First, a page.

• #17700
        Brittany Foster
        Keymaster

        Jen,
        Personal stories are so powerful. Especially when you are the one sharing your own story. When they put a face to the disease and are actually thinking of a person and not just a number or statistic, it makes much more of an impact and becomes something they NEED to address and CAN’T ignore. I’m a big fan of telling our stories as publicly as possible and saying “PH looks like me too”. It spreads a lot of awareness for rare and invisible illnesses.

        • #17722
          Jen Cueva
          Keymaster

          Yes, I think having a name and/or face with our personal stories and what living daily with PH is a huge impact for our local Representatives. Every little step is just one step closer and one more person we have educated .

          Lol, Brittany, yes, whispering doesn’t work!Hehe

          Thank you all for all you’re doing to educate and advocate.
          Together , we will get PH out there , even one by one!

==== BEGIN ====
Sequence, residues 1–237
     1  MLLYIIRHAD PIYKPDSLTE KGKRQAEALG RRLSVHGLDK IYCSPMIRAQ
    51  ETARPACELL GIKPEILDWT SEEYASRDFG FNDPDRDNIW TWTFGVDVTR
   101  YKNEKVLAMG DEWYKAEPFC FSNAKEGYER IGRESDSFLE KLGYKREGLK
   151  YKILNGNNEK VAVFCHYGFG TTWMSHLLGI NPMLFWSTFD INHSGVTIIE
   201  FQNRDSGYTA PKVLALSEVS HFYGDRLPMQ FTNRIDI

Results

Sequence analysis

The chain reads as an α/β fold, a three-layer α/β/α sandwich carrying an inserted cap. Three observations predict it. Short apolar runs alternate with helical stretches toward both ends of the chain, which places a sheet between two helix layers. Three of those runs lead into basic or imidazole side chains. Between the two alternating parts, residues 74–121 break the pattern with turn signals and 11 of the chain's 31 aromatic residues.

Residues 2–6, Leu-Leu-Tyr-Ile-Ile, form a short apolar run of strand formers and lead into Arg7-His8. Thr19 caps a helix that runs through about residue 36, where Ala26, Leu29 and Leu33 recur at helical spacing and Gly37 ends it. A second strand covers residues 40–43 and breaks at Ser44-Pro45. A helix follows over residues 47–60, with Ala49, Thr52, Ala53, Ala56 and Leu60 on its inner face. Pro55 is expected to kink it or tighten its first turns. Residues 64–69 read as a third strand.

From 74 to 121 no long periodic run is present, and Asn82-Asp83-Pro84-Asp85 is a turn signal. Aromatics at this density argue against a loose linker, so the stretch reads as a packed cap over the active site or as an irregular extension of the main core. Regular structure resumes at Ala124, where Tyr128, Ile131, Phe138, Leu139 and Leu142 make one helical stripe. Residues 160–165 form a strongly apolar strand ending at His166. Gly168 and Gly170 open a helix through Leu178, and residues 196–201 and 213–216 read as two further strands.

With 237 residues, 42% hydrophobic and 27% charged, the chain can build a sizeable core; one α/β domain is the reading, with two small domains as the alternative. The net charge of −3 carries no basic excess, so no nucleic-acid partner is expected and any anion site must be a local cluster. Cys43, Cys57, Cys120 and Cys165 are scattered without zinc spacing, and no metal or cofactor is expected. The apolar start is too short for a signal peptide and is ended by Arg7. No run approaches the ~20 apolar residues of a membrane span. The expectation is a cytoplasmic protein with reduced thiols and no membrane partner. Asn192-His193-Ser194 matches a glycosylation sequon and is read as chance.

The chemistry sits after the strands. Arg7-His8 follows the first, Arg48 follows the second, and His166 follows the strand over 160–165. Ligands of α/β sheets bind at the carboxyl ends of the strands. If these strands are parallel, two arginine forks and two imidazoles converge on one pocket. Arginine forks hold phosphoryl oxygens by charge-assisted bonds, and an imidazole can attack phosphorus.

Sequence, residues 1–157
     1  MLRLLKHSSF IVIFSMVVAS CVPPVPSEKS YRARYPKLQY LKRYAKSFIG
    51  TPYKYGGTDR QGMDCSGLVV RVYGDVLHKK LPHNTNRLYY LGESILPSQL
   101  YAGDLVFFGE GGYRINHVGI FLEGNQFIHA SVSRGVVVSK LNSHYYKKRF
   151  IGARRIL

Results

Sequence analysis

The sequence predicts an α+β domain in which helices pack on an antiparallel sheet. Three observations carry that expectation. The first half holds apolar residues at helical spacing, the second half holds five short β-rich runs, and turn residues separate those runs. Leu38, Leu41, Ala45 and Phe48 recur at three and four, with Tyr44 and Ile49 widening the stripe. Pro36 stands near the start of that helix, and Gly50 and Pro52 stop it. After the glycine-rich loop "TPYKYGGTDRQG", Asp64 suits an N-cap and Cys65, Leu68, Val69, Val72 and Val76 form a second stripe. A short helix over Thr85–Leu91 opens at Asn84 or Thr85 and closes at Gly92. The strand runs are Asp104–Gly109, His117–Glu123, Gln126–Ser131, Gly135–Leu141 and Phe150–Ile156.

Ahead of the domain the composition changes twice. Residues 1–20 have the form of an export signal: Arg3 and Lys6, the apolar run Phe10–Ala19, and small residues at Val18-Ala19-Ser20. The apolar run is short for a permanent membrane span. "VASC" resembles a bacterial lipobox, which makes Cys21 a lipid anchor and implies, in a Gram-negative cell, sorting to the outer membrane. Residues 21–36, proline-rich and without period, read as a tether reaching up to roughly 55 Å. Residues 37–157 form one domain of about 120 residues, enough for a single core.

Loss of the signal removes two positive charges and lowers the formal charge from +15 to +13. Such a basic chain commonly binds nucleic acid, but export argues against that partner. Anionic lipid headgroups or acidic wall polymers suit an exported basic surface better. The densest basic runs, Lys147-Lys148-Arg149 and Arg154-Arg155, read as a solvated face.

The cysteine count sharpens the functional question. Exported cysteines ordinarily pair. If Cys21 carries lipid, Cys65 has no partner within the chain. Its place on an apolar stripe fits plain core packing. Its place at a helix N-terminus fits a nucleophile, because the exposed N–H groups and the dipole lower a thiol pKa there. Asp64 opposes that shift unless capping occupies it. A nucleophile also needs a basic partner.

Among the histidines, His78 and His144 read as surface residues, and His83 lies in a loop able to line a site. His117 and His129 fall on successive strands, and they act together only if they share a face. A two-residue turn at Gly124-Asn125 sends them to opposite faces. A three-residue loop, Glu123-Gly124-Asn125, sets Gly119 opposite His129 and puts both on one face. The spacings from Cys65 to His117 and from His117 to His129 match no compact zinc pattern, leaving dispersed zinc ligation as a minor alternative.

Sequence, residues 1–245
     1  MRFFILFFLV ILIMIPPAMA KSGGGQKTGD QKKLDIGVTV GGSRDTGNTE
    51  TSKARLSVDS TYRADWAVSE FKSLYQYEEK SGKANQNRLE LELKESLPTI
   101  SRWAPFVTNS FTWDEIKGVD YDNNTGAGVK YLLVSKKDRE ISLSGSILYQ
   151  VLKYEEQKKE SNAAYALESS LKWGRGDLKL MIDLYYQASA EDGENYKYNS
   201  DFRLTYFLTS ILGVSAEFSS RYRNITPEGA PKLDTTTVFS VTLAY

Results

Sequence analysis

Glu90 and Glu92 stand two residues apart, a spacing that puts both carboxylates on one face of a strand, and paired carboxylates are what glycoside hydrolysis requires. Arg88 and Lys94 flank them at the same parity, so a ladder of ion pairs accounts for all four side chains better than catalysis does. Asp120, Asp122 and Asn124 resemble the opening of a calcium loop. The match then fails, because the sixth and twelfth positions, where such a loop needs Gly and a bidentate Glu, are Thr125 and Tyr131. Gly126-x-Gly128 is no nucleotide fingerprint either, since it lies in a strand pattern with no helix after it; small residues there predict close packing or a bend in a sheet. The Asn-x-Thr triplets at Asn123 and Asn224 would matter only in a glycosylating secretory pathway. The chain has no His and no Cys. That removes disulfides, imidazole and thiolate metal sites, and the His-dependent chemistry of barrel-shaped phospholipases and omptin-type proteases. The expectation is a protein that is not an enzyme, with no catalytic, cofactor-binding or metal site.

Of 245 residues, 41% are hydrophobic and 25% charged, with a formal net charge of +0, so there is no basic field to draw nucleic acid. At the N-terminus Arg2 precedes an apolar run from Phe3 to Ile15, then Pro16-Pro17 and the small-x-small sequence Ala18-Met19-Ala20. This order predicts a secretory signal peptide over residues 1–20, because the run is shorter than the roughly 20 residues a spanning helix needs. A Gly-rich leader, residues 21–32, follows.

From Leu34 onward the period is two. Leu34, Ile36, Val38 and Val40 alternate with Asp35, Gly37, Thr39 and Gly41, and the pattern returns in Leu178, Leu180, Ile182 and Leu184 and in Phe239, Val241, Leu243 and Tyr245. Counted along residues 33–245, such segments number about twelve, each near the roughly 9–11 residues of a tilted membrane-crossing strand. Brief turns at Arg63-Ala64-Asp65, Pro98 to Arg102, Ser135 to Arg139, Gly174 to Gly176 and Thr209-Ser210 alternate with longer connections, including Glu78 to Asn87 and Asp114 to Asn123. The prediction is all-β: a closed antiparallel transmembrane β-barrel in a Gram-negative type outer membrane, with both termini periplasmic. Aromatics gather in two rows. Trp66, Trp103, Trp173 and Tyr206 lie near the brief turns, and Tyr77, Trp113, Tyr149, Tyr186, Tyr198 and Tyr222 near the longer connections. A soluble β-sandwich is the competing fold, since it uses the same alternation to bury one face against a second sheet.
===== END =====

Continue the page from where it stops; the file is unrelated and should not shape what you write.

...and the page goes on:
• #17710
        Colleen Steele
        Keymaster

        Jen, every little step as individuals that we take to advocate for PH is helping to move this rare disease forward into the hearts and minds of people who have to power to take the big steps towards diagnosis, treatment and a cure. Ditto to what Brittany said, she worded the significance of our personal stories perfectly.

        • #17713
          Brittany Foster
          Keymaster

          So true Colleen!
          Every little step counts , even if it seems “little” at the time, these can eventually lead to the bigger changes that we wajt to see happening. I say we all keep speaking up amd raising heck! Nobody gets what they want by whispering lol!

    • #19036
      Jen Cueva
      Keymaster

      Just wanted to remind everyone that it is now, Advocacy August.Let’s try to reach out to our elected officials and share our stories. As Colleen shared above, PHA offers some resources to help you achieve this.

      Here is the link again, so you can click and complete the steps this Advocacy August.

    • #35402
      Jen Cueva
      Keymaster

      Hey y’all, it’s that time of year again. It’s Advocacy August, and we want to see how you work on advocacy in your area.

      I’ve already contacted my local congress and heard back from a few. I plan to do my advocacy work online. But I hope to do more in person one day because I enjoy that, too.

      A fellow PH Columnist, @mike-naple, lives in the D.C. area, so I imagine he will be doing in-person contact throughout the month and year. He’s quiet here because he works outside BN, too, but he packs a punch, and his columns are so informative. You can check his work out here.